What exactly is Lent?
Lent is the forty-day liturgical season stretching from Ash Wednesday through to Easter Eve. In 2014 Ash Wednesday falls on March 5, with Easter Day coming on April 20. The forty days, however, are interrupted by the six Sundays that fall within this period, because Sundays are always resurrection days or “little Easters.” What this means is that if you do decide to follow a Lenten discipline, you get a break on Sundays. Still, in our Sunday worship during Lent, we actually “fast” from singing or saying the word “Alleluia,” as a reminder of the larger season in which those Sundays fall.
How is it observed?
Traditionally Lent has been understood as a season of “self-examination, penitence, prayer, fasting, almsgiving, and the reading and meditating on the word of God” (The Book of Alternative Services of the Anglican Church of Canada). In the popular imagination, this has often been reduced to “giving up _______ for Lent”, with the blank filled in by everything from chocolate and doughnuts to dairy and eggs. The emphasis on food has to do with the tradition of fasting during this season, yet giving up some favourite food might not be the discipline that works for everyone. The idea here is to follow a practice for a season, which metaphorically tips your balance just enough to serve as a reminder that you are in a different season. Maybe that is a food or drink item, but it could also be clothes shopping, TV watching, maybe playing the car stereo⎯or plugging into your iPod on the bus⎯during your commute to work or school.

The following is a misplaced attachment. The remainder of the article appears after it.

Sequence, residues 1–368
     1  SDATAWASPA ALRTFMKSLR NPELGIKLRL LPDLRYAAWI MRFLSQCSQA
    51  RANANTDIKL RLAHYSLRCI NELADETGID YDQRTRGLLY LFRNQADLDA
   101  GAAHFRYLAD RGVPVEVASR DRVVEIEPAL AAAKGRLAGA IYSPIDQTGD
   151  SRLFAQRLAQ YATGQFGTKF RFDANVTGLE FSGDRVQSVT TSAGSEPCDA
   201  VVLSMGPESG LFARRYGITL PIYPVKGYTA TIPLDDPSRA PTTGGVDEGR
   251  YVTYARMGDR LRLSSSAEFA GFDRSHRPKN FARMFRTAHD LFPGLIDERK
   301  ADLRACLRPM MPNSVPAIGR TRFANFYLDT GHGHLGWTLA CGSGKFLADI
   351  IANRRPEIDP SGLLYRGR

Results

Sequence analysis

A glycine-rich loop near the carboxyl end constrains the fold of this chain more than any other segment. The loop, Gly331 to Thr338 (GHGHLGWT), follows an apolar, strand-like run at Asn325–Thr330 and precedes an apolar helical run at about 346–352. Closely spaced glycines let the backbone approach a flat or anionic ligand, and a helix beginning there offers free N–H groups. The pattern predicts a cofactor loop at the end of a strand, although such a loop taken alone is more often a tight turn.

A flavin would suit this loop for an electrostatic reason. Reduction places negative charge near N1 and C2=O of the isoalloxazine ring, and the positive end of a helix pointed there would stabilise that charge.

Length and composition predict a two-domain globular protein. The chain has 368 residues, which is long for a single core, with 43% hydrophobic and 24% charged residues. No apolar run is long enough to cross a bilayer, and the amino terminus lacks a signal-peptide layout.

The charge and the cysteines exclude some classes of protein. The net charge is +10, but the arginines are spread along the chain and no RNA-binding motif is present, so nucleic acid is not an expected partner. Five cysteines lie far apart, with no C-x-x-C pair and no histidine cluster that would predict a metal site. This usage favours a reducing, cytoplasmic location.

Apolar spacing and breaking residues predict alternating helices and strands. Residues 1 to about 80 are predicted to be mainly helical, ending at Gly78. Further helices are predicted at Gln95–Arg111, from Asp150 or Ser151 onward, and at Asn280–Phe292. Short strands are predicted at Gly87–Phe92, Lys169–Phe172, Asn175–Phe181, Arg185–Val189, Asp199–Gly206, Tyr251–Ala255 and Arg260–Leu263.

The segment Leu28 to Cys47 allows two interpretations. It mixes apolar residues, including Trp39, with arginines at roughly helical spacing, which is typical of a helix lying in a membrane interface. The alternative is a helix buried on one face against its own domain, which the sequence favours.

And some people will find it more helpful to take on some extra practice, be that daily reading, journal-writing, or focused daily prayer for some particular concern. The key is to find out what might “work” for you, and to follow it.
Why would I bother?
Seeing Lent as a desert or wilderness season is significant. To move into a bit of symbolic wilderness is to risk finding out something about yourself that maybe makes you a bit uneasy… but it can also teach you something about yourself. So, find a bit of that practice or discipline and follow it through the season. Who knows what you might learn?